Adam Stern, founder and CEO of Infinitely Virtual, says:

Consider the plight of the modern small to mid-size business — lost in the fog of cloud computing, encountering virtual hosting providers that are, well, poor hosts.  The natural impulse is to gravitate to the familiar names in this still-nascent realm – Amazon, Google, Verizon, et al — out of wariness with what, at the entry level, increasingly feels like amateur hour.

As CRN recently reported, a fair number of cloud adopters aren’t happy campers. According to an Alcatel-Lucent study of 4,000 IT decision-makers worldwide, more than 50 percent are dissatisfied with performance and security protection, as well as with the vendor community’s apparent inability to address both trouble spots effectively.

That hasn’t deterred a great many businesses, which continue to flock to the cloud.  Per the survey, some 40 percent rely on an outsourced cloud provider, and 52 percent say they plan to move some resources to the cloud within three years. “More than 80 percent of IT decision makers said they were moving, or considering moving, some applications to the cloud — but only 40 percent said they were moving, or considering moving, mission-critical apps to the cloud,” CRN noted.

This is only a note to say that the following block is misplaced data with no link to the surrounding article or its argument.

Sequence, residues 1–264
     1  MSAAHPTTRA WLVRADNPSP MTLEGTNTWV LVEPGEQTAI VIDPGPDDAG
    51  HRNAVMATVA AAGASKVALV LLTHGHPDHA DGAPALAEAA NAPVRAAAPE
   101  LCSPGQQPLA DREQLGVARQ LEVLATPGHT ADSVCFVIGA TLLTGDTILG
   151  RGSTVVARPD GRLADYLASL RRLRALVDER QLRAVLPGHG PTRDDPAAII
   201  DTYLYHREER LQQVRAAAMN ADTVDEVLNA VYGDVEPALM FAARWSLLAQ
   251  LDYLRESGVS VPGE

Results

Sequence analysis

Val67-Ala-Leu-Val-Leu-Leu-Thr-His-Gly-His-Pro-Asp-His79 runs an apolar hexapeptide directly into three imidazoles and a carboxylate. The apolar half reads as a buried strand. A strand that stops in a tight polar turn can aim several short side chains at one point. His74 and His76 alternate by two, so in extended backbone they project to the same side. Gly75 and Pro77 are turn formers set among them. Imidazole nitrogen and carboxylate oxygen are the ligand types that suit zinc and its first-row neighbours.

Lines are being drawn as the marketplace matures, and one size decidedly does not fit all.  At one end are the Big Players — Microsoft, IBM, HP, the aforementioned others – offering ultra premium packages, with prices to match.  At the other end are micro-players – virtual garage shops that lack the cash and the requisite industry knowledge to host even a garden party.  They set up risky, low-feature, low-function, low-value virtual environments at rock-bottom prices. 

The consumerization of IT is a siren song to the uninitiated.   “The consumerization of IT is a result of the availability of excellent devices, interfaces and applications with minimal learning curves,” observed Mark Cox in eChannelLine USA.  “As a result of using these well-designed devices, people have become more sophisticated users of technology, and the individual has been empowered. People expect access to similar functionality across all their roles and make fewer distinctions between work and non-work activities.”

Or as IT consultant Brian Madden recently put it, “it’s not ‘consumerization’ versus ‘desktop virtualization.’  It’s not even consumerization and desktop virtualization, because these two things are not mutually exclusive… Instead, they’re both pieces of what we may now call ‘end user computing ’ Desktop virtualization is about delivering all types of applications, data, and working environments, and consumerization is one of the pressures that affects how we deliver that environment.”

Next: Caveat Emptor in the Cloud